A Montana judge has ruled that David Gilmore, a New Port Richey attorney whose client gunned down the mother of a teenage prodigy he was obsessed with, is not responsible for his client's actions.
In October, Gilmore was named as a defendant in a federal lawsuit filed in U.S. District Court in Montana by the victim, Georgia Smith, and her daughter, Promethea Pythaitha. They are suing the estate of Gilmore's client, Thomas Kyros, an 81-year-old New Port Richey retiree who was fanatical about Pythaitha.
In his will, which Gilmore drafted, Kyros gave Pythaitha two-thirds of his estate but wrote — in bold — she would receive no money "while her mother, Georgia A. Smith, is living."
In November 2010, Kyros left his home and drove 2,430 miles to Bozeman, Mont., to be near Pythaitha, who was then 19. She was a Greek-American child genius who graduated from Montana State University at 14 with a degree in mathematics. Kyros heard about her and began sending her financial support. But as his obsession grew, Pythaitha and her mother, Georgia Smith, withdrew and refused to communicate with him or accept his gifts.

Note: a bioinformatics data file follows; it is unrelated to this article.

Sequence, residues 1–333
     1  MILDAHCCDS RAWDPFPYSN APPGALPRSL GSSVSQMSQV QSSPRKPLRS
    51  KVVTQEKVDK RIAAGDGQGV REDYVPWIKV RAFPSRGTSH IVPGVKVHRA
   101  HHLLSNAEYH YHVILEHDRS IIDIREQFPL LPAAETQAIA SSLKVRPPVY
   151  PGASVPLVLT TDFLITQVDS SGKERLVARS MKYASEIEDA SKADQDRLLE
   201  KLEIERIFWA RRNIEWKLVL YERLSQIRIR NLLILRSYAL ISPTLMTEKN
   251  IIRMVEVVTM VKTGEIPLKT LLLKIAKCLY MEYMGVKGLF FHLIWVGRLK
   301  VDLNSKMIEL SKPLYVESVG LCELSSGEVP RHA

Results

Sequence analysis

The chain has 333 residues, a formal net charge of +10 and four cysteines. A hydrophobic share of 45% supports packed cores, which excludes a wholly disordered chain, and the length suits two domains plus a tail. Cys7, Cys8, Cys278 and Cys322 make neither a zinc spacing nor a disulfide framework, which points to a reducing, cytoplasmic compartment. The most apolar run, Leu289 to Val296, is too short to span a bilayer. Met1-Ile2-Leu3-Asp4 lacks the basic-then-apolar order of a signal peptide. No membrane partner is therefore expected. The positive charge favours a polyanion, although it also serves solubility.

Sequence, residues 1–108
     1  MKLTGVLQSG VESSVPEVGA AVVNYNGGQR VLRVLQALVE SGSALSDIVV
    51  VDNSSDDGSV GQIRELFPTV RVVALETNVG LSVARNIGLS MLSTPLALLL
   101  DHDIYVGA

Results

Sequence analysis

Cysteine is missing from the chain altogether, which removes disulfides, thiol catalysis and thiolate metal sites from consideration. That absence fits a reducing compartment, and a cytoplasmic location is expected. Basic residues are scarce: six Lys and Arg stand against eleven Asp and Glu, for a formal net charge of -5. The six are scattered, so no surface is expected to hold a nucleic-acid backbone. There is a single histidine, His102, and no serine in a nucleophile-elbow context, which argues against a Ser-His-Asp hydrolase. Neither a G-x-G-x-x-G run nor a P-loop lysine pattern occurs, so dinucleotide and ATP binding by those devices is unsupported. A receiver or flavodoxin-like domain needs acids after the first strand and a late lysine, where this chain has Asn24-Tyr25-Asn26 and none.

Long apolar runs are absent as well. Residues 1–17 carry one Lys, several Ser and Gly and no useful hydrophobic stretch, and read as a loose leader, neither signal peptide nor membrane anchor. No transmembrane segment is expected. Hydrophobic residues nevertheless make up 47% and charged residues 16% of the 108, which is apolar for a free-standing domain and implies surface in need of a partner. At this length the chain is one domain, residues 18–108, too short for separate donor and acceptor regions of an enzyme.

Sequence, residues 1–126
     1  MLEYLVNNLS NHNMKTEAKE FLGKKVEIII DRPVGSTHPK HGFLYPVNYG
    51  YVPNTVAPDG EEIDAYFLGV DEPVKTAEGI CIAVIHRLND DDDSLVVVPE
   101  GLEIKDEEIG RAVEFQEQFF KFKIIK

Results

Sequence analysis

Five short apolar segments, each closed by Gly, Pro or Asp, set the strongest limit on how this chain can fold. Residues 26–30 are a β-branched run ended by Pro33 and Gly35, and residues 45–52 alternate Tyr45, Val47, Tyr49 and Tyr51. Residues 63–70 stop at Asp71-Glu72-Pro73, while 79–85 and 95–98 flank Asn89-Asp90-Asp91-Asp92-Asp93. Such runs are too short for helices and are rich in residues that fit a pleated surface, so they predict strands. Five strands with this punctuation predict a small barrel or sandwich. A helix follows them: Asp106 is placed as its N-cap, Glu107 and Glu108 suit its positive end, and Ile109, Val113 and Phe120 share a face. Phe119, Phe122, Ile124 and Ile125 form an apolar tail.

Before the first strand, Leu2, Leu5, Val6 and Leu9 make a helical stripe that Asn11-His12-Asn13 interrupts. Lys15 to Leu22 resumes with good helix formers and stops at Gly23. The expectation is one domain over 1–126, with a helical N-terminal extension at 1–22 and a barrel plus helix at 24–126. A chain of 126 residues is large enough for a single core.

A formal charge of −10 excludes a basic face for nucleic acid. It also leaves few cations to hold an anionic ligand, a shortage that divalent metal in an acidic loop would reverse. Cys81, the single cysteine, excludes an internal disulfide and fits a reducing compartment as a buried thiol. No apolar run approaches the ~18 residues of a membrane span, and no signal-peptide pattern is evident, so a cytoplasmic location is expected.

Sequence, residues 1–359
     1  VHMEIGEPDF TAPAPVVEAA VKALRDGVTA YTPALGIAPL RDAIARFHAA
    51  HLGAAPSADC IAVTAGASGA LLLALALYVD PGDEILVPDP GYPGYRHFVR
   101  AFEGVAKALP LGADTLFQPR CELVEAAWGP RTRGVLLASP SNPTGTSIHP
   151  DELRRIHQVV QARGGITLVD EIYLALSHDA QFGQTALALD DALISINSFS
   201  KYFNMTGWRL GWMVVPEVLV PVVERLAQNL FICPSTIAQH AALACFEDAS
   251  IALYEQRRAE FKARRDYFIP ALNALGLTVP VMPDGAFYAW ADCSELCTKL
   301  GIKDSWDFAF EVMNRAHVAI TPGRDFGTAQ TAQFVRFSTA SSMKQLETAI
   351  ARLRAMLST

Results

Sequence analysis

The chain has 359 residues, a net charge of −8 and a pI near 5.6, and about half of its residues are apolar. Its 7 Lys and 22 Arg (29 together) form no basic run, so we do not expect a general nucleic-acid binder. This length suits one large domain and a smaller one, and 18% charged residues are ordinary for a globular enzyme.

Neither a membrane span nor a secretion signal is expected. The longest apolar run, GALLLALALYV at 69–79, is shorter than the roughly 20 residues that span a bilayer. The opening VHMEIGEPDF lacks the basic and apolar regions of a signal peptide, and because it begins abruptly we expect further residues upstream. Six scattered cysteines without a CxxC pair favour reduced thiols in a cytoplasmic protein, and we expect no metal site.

He blamed Smith.
On Jan. 17, 2011, Kyros drove his car into the fence around Pythaitha's and Smith's home on Outlaw Hill Road outside Livingston, a remote area of Montana. When the two women came outside, authorities say, Kyros shot Smith five times, calling her a whore and a beast. Smith survived. Kyros was killed by police.
The suit alleged that Gilmore, who is also the executor of Kyros' estate, knew his client was in Montana and had enough evidence to know he was plotting something malicious and should have contacted law enforcement. It said Kyros sent a fax to Gilmore more than a month before the attempted murder and told him that all information about Pythaitha was null and void "for as long as Georgia is alive."
The Montana judge ruled Friday that Gilmore could not have known Smith would be harmed, the Associated Press reported.
"Georgia and Promethea are disappointed," said their attorney, Jason Armstrong,
The judge ordered the two sides to go into settlement talks.
"We are looking at our options," Armstrong said.
Kyros' estate is estimated to be $600,000 or less, court documents state.
Gilmore did not return a call Tuesday for comment.
Smith is paralyzed in her left arm, the lawsuit said, and will require "a lifetime of care" and further surgery to repair the wounds Kyros caused. Pythaitha, who jumped on top of her mother's body to stop the shooting, and Smith have suffered severe emotional and psychological distress, the suit states.
Erin Sullivan can be reached at firstname.lastname@example.org or (727) 869-6229